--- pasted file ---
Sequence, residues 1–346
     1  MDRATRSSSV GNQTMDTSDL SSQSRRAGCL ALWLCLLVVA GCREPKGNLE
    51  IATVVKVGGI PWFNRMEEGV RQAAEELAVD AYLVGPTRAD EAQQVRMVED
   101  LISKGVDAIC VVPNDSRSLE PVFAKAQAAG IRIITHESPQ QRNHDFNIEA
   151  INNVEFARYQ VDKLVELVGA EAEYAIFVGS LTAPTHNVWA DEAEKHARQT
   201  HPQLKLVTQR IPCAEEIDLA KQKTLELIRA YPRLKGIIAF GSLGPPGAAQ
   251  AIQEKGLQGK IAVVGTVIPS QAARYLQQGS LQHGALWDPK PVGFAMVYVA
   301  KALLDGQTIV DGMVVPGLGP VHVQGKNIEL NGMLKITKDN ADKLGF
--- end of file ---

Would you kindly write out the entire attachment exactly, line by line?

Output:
Sequence, residues 1–346
     1  MDRATRSSSV GNQTMDTSDL SSQSRRAGCL ALWLCLLVVA GCREPKGNLE
    51  IATVVKVGGI PWFNRMEEGV RQAAEELAVD AYLVGPTRAD EAQQVRMVED
   101  LISKGVDAIC VVPNDSRSLE PVFAKAQAAG IRIITHESPQ QRNHDFNIEA
   151  INNVEFARYQ VDKLVELVGA EAEYAIFVGS LTAPTHNVWA DEAEKHARQT
   201  HPQLKLVTQR IPCAEEIDLA KQKTLELIRA YPRLKGIIAF GSLGPPGAAQ
   251  AIQEKGLQGK IAVVGTVIPS QAARYLQQGS LQHGALWDPK PVGFAMVYVA
   301  KALLDGQTIV DGMVVPGLGP VHVQGKNIEL NGMLKITKDN ADKLGF